CFPB Updates Know Before You Owe Rule

News

The Consumer Financial Protection Bureau (CFPB) has
announced final updates to it
“Know Before You Owe” mortgage disclosure rule which went into effect on
October 3, 2015.  The changes are intended
to formalize guidance on the rule and provide greater clarity and certainty. 

The amendments finalized on Friday address
a handful of issues within the rule.

  • Before implementation of the mortgage disclosure rule
    the total of payments disclosure was determined using the finance charge
    as part of the calculation.  The
    rule changed the calculation to not make specific use of that charge.  The update will include tolerance provisions
    for the total of payments that parallel the tolerances for the finance
    charge and disclosures affected by the finance charge.
  • The rule gave a partial exemption from disclosure
    requirements to certain housing assistance loans, originated primarily by
    housing finance agencies. The update clarifys that recording fees and
    transfer taxes may be charged in connection with those transactions
    without losing eligibility for the partial exemption and excludes those
    fees and taxes from the exemption’s limits on costs. CFPB said this should
    allow more housing assistance loans to qualify for the partial exemption, encouraging
    their use.
  • Currently, the Know Before You Owe rule is applied only
    to transactions secured by real property, as defined under state law. CFPB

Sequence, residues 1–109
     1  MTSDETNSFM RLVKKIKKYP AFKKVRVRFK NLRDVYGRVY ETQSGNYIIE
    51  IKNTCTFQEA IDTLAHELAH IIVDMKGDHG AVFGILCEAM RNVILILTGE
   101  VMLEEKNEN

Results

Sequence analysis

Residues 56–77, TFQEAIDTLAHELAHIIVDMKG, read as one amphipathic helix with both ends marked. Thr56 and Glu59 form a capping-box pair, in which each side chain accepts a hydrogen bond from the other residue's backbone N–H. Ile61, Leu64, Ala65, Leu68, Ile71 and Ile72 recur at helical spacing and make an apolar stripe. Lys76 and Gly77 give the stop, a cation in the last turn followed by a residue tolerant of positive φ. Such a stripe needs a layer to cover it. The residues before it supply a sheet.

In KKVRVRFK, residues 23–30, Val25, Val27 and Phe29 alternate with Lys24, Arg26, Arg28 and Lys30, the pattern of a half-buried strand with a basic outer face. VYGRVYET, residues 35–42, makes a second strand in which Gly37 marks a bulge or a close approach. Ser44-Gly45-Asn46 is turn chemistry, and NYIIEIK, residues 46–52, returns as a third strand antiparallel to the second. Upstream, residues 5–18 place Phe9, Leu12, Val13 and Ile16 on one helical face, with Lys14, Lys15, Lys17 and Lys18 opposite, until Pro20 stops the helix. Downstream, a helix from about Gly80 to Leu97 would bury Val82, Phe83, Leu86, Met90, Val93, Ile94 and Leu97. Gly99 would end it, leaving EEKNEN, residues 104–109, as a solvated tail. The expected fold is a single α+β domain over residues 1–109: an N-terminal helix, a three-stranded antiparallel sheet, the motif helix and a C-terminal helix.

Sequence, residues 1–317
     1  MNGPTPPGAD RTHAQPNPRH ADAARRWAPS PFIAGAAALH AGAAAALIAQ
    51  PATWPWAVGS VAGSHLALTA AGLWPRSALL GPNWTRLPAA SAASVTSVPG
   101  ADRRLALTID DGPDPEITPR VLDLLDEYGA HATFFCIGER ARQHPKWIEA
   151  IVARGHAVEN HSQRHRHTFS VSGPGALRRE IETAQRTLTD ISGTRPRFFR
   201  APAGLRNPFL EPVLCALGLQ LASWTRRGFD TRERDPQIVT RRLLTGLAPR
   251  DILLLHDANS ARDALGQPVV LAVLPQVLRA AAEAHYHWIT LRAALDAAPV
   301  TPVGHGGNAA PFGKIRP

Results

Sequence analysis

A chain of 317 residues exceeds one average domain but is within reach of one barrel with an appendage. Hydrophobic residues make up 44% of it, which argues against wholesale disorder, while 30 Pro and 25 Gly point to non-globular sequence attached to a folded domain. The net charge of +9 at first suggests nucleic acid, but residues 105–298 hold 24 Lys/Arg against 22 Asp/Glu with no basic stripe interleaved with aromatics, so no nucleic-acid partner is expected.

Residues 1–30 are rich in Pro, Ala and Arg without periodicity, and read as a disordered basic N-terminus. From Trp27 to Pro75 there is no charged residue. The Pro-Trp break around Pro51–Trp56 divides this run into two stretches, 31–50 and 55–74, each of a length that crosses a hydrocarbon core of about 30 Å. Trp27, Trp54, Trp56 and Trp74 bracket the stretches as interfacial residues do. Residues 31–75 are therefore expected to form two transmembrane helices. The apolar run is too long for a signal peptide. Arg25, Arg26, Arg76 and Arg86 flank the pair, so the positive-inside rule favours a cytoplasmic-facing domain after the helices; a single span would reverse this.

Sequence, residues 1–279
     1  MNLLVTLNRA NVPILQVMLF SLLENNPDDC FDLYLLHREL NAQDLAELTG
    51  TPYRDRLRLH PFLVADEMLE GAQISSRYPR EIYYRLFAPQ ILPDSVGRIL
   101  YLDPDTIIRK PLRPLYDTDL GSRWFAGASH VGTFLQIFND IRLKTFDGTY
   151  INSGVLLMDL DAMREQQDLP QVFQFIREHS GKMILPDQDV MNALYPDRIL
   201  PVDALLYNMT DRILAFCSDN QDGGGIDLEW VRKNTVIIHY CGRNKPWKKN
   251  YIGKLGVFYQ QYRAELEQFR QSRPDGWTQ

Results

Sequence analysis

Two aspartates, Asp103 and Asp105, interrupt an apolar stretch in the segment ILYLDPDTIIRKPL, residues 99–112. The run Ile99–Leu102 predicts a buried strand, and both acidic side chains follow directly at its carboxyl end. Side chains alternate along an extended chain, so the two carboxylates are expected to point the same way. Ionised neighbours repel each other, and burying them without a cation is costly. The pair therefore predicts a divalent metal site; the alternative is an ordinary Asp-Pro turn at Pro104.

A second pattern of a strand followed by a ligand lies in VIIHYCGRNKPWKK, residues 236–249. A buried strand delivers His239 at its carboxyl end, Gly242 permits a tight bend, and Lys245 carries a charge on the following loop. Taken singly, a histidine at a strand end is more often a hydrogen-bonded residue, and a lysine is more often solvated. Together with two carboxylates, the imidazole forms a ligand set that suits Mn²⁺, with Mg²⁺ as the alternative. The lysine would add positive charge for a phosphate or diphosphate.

is finalizing updates to extend the rule’s coverage to include all cooperative
    units
    , including those treated by state law as personal property. The
    Bureau says this change should simplify compliance and ensure that more
    consumers benefit from the rule.
  • The Bureau has received many questions about sharing
    the mortgage disclosures provided to consumers with third parties to the
    transaction such as the seller and the real estate brokers. This is usual,
    accepted and appropriate and the Bureau is finalizing additional
    commentary to clarify how this can be accomplished.

“A mortgage is one of the largest
financial decisions a consumer will ever make, and CFPB’s rules help ensure
consumers have the easy-to-understand information they need before making a
decision that will significantly impact their financial lives,” said CFPB
Director Richard Cordray. “Our updates will clarify parts of our mortgage
disclosure rule to make for a smoother implementation process for lenders and
consumers.”

In addition to the final rule, the
CFPB is issuing a proposal addressing when a creditor may use a Closing
Disclosure, instead of a Loan Estimate, to determine if an estimated closing
cost was disclosed in good faith and within tolerance. This proposal is
available here
and comments will be accepted for 60 days after is publication in the Federal Register.

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